You can help your child to a brighter future by simply reading with your baby. We look at why reading with your baby is so important and how different genres have different benefits.

Reading with your baby – start as you mean to go on

How many of us can remember the joy of being read to as a child? the closeness of one-to-one attention, the thrills of our imagination as our favourite stories leapt from the page into our minds. there’s nothing quite like reading, as kim pickin, of the oxford story museum, explains: ‘stories help to develop children’s language and reasoning, empathy  and imagination. they help children make sense of the world. they help them think,  communicate and relate to others. they encourage children to read. they are something  different generations can enjoy together.’ kim cites a study carried out eight years ago which  found that ‘enjoyment of reading has a greater impact on educational attainment than any  other factor, including parental education and income’.

Colourful characters

Think back to your childhood and chances are you had a favourite character in a book or  series of books that you read; it could have been Paddington Bear or Winnie the Pooh and his  friends. By loving a particular character in a book, a child can often be easily encouraged to  engage with literature, especially if they can, one day, enjoy reading the stories themselves. Their importance to a child’s sense of well-being too cannot be underestimated, as Wendy  Cooling confirms, ‘These characters become a part of life and their very familiarity offers real  comfort in a busy, sometimes impossible to understand world.’

A nod to novelty

If your child doesn’t appear to be as interested as you’d hoped in books, try not to make an  issue out of it. Some are more reluctant than others but it doesn’t mean that they eventually won’t catch the reading bug! There are tactics you can try to get them engaged in a story and the best of these, certainly from an early age, is reading novelty books together. These are  books that have something unusual about them – perhaps flaps that your child has to lift to see what’s underneath or wheels to turn or tags to pull. By offering an element of surprise they awakene curiosity and are great for reluctant readers, too.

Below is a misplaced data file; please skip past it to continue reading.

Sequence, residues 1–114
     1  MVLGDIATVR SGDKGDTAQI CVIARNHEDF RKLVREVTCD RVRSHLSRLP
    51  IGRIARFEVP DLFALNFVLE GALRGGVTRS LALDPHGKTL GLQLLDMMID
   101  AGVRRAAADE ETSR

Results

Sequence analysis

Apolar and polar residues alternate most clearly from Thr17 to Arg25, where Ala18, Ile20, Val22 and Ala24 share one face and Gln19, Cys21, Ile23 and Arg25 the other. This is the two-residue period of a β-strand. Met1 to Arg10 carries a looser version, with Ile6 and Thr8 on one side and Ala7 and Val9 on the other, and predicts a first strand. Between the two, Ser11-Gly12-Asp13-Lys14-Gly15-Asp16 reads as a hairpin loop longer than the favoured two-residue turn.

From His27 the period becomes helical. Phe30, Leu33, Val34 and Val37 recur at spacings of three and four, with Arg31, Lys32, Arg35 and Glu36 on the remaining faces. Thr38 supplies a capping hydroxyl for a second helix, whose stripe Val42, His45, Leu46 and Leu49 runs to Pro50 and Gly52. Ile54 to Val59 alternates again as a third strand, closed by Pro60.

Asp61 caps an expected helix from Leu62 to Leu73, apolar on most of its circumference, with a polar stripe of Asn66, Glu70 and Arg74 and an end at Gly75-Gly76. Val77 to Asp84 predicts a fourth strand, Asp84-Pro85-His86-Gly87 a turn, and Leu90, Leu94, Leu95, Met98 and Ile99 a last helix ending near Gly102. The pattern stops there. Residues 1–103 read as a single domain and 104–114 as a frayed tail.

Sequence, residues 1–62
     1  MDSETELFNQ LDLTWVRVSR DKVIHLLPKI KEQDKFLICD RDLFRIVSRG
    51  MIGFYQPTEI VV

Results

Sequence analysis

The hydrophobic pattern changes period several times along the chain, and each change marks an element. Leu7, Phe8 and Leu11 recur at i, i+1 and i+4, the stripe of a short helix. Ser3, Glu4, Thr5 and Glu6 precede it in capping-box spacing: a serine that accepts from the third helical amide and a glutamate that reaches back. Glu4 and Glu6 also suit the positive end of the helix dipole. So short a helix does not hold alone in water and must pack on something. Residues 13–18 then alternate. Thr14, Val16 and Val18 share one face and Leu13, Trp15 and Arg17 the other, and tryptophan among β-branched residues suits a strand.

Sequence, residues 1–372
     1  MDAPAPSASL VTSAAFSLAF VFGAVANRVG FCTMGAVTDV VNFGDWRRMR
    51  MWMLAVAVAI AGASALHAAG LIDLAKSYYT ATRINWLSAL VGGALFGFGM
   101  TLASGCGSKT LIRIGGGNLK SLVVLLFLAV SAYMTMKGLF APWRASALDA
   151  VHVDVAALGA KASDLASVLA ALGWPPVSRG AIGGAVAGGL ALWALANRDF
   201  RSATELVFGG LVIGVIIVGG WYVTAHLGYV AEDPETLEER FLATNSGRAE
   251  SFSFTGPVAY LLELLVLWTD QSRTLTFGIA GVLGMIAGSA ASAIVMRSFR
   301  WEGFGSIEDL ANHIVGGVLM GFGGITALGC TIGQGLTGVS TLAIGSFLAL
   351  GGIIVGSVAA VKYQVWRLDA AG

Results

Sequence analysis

For the hard times in life

Reading is essentially a pleasure but there are times in life when it can provide some relief  and solace. When a child has to deal with a stressful event such as the death of a family  member or pet, a trip to the doctor’s or dentist’s, or their first day at school, a book can help  them come to terms with what is happening and make it seem less frightening. Lindsey Fraser, national co-ordinator of Read Together, explains ‘Children who have explored such  difficult emotional areas within the safety of words and pictures in a book can draw on the  resulting understanding to inform their own reactions when specific situations arise.’

Spare me the stereotypes

It’s all very well reading traditional fairy tales to your child and letting them absorb the  morals they promote. However, what if your child starts to get unhelpful ideas in their head  that all princesses must have long hair, and that their role in life is to be saved by a prince?  Or alternatively that men are the doers and fixers in the house?

Books can help to combat some of the very old-fashioned ideas that still influence our child’s  way of thinking. Strong female characters who show courage and determination against  adversity are seen in such books as The Snow Queen, The Magic Paintbrush and in the  feisty heroine in Babette Cole’s Princess Smartypants, while Simon Bartram’s funny picture book Man on the Moon explored the life of Bob – the man who has to keep the moon spic and span!

Keep them reading

Once you’ve got a child interested in books you probably won’t have to work very hard to  keep them reaching for their bookshelves. However, traditionally it has been said that boys  can be harder to engage than girls, perhaps because biologically they tend to develop the  right side of their brain – responsible for learning languages – at a slower pace than girls.

Editor of the Ultimate Book Guide Leonie Flynn thinks that boys can be as avid readers as girls but it might need a little extra effort. Here are her tips:

  • Parents can help by supplying boy-specific titles by looking for titles that fit in with the boy’s interests – football, aliens, ghosts etc
  • Designate a set time for reading every day, as it’s easy for boys to get sidetracked by other things. It need only be ten minutes, but that regular slot to helps with reading momentum.
  • Take on a teacher’s role when you read with your child. ‘Listen to him read but don’t worry if he stumbles over words and don’t push him too hard too soon.’

We’d like to thank A&C Black for their help with this feature. All quotes were taken from The Ultimate First Book Guide published by A&C Black.

Editors Daniel Hahn, Leonie Flynn and Susan Reuben.